Luis Fonsi is working extra hard these days. It’s not in the studio. It’s not on stage. It’s in the playroom with his daughter, Mikaela. Forget Grammys (sorta), he’s all about getting The World’s Best Dad trophy. But, of course, his duties as a top-selling Latin musician are constantly calling him back to the studio. Here, the Puerto Rican crooner talks about his new album, working with legendary artist, Juan Luis Guerra, and his baby girl.
Tell us about working on your new album, 8.
Working with Martin Terefe was a great joy of course. The biggest difference from my point of view was the surroundings. The fact that I was in a different city—I was in London and culturally it’s a big change. Not only that, but also the way that the album was recorded because it was [a] live approach. That’s what I liked most about Martin because he does have that live sound room and his musicians are amazing. They have a specific style and I thought that it was the correct route to go—to head down a more organic, aggressive sound versus that plush, more traditional sound that most Latin producers, not all, tend to go for. I don’t think it’s a completely different route than what I’ve done, but I thought it was right amount of evolution and change to make it seem as though it’s a new album and a new beginning. I’m still following that path that I’ve always followed as far as that pop sound and mix between romantic songs and more up-tempo songs.
How was it working on music in London?
I went for a week to write with Martin originally, before we even started talking about a production deal with him. He’s a very busy guy and he’s doing a Jason Mraz record and James Blunt record and all these amazing British acts. I came to him as a songwriter and said, “I love what you do and I love your approach and I would eventually like to produce a couple of songs with you, but in the meanwhile let’s write.” I went there for a week and I went with a backpack and a guitar for a five-day trip. A five-day trip turned into about a month and half. I hung out there and got to work with him and his team and we got to do some demos and we tried to get the correct sound and before we knew it, we did the whole album. Some of them I wrote there, and some of them I had already written. We recorded the whole album and I was influenced by the day-to-day just going from my hotel room and walking to Hyde Park or getting in those taxis we all love when we go to London.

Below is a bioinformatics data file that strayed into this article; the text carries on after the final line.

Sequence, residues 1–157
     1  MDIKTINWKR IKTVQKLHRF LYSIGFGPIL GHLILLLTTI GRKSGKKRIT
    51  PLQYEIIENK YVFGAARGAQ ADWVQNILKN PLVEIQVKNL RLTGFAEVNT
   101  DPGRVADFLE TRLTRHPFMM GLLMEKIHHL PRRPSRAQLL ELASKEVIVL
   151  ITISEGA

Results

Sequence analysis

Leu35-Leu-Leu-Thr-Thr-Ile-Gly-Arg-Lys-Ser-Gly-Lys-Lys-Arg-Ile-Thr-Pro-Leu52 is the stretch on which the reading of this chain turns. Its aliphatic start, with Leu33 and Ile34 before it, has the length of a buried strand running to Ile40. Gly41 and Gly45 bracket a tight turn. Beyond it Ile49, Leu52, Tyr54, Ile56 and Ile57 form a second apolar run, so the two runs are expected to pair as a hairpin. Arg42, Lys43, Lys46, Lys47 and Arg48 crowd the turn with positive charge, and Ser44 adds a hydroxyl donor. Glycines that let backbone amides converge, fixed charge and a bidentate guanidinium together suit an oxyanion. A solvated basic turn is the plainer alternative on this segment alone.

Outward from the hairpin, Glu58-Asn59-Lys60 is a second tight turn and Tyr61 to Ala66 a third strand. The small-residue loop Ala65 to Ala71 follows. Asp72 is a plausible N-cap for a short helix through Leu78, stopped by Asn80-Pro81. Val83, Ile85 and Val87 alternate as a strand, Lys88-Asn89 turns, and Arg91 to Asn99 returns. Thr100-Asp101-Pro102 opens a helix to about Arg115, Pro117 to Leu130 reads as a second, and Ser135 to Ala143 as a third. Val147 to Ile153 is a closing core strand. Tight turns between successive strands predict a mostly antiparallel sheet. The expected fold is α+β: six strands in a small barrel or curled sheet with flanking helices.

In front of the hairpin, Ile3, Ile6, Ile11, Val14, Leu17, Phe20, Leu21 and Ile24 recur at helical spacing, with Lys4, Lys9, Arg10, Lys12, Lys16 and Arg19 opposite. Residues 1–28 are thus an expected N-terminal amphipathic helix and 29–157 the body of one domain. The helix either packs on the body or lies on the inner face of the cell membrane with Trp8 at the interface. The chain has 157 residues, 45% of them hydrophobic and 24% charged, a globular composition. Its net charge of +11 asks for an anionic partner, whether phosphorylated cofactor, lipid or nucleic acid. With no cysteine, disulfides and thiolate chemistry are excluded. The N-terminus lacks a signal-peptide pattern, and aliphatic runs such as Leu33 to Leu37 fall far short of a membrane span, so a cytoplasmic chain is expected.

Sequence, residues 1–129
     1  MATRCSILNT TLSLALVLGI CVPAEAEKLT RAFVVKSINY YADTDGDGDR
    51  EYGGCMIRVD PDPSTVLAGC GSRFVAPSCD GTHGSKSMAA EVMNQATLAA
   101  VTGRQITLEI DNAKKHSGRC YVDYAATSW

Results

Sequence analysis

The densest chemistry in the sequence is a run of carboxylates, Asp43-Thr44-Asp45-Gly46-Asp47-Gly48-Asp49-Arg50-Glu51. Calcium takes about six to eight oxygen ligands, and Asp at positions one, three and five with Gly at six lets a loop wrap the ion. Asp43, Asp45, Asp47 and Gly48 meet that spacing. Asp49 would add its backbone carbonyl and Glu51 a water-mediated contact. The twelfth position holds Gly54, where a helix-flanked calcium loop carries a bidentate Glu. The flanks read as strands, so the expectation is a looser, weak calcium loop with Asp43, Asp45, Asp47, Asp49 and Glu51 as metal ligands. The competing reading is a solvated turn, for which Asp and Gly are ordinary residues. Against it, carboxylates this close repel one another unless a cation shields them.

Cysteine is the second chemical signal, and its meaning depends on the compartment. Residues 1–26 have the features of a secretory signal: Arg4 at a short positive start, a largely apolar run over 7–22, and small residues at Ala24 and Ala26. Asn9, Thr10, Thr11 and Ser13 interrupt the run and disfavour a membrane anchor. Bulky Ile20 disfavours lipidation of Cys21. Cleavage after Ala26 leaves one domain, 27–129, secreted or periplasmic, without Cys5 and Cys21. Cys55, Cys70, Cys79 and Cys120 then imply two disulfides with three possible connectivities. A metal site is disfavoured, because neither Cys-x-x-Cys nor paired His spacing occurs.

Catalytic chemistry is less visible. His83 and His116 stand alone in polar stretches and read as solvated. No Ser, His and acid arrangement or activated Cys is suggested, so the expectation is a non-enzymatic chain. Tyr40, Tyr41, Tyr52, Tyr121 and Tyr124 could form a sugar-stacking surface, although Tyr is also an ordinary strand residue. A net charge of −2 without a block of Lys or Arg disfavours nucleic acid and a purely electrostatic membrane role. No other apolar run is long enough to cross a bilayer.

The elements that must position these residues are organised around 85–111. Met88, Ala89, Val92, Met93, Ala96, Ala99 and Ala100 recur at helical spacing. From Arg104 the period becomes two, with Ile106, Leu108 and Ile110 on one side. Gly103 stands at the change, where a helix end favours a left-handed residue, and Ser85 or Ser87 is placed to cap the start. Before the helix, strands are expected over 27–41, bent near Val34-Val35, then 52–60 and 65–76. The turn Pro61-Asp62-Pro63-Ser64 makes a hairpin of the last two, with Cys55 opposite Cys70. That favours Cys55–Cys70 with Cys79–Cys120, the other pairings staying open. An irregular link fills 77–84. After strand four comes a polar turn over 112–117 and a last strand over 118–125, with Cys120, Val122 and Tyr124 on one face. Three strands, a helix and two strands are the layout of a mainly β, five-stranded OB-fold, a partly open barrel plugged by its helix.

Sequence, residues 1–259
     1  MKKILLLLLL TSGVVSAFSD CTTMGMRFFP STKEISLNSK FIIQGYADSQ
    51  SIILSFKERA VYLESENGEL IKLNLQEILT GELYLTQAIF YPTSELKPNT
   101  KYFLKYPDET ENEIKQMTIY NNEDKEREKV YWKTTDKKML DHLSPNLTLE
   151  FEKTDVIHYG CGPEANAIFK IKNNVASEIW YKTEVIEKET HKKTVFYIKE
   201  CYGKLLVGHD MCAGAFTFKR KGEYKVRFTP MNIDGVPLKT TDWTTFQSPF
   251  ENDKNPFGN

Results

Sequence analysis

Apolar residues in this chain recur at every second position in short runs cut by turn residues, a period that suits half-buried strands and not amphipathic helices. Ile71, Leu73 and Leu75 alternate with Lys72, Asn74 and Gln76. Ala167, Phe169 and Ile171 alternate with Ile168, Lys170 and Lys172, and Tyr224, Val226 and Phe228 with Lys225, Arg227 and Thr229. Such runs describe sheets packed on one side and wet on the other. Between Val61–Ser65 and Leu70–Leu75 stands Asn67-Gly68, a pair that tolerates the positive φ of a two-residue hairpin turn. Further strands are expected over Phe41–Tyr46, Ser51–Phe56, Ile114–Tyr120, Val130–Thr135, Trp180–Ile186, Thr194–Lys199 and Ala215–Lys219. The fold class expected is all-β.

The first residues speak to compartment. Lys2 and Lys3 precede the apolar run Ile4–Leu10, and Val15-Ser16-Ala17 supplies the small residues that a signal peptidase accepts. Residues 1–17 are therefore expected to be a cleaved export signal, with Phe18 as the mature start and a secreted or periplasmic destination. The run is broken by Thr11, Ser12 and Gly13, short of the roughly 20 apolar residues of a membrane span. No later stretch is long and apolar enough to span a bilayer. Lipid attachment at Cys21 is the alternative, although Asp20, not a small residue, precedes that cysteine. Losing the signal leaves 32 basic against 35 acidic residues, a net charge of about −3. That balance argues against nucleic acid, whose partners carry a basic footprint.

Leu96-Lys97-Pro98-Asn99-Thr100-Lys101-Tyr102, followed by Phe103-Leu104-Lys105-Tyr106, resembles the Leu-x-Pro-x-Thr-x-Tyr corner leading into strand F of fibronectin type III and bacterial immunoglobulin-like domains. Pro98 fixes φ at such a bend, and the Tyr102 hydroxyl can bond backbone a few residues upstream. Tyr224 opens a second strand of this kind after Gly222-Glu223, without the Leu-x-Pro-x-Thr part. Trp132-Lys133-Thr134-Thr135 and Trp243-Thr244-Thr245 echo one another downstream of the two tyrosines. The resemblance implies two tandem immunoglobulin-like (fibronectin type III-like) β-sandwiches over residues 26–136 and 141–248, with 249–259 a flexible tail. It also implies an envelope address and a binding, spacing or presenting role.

Every day, didn’t matter if it was a Monday, Tuesday, or Friday, there was a cool concert from a cool new act. It’s just big city living that I’m not accustomed to because I’ve never lived, other than when I was just doing Broadway a little bit ago, in New York. Miami is the biggest city I’ve ever lived in and Miami is not city living at all. To me, it was different, culturally different. The music that I talked about on a day-to-day basis with my musicians was completely different from the music that I would talk about with producers here. When you do music, you constantly use music references like talking about the edge guitar on the U2 record and suggesting we use that. The examples that we used in both places were completely different. It was fun to be able to get away from the way I did my last four or five albums. Other than Martin, the musicians had never really heard my music before so it was a clean slate and starting from zero. It was only about doing music and not trying to make this record better than the last one. I liked that creative freedom and it wasn’t about making a Latin album, or an Anglo album, or a British album. It was just about making a great album, period.
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